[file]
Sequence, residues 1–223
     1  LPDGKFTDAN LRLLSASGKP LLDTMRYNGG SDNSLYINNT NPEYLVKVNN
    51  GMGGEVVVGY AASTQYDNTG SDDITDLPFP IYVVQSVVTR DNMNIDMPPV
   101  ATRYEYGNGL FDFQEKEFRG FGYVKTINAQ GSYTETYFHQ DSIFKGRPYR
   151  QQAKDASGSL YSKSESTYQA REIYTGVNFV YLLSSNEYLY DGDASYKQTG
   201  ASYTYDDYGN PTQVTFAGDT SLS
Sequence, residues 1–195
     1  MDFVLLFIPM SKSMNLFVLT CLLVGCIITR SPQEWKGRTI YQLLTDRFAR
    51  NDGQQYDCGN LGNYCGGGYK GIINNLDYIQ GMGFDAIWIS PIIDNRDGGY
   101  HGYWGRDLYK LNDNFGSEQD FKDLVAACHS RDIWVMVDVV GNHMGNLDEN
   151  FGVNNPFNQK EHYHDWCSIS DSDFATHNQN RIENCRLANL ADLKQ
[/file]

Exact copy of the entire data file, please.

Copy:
Sequence, residues 1–223
     1  LPDGKFTDAN LRLLSASGKP LLDTMRYNGG SDNSLYINNT NPEYLVKVNN
    51  GMGGEVVVGY AASTQYDNTG SDDITDLPFP IYVVQSVVTR DNMNIDMPPV
   101  ATRYEYGNGL FDFQEKEFRG FGYVKTINAQ GSYTETYFHQ DSIFKGRPYR
   151  QQAKDASGSL YSKSESTYQA REIYTGVNFV YLLSSNEYLY DGDASYKQTG
   201  ASYTYDDYGN PTQVTFAGDT SLS
Sequence, residues 1–195
     1  MDFVLLFIPM SKSMNLFVLT CLLVGCIITR SPQEWKGRTI YQLLTDRFAR
    51  NDGQQYDCGN LGNYCGGGYK GIINNLDYIQ GMGFDAIWIS PIIDNRDGGY
   101  HGYWGRDLYK LNDNFGSEQD FKDLVAACHS RDIWVMVDVV GNHMGNLDEN
   151  FGVNNPFNQK EHYHDWCSIS DSDFATHNQN RIENCRLANL ADLKQ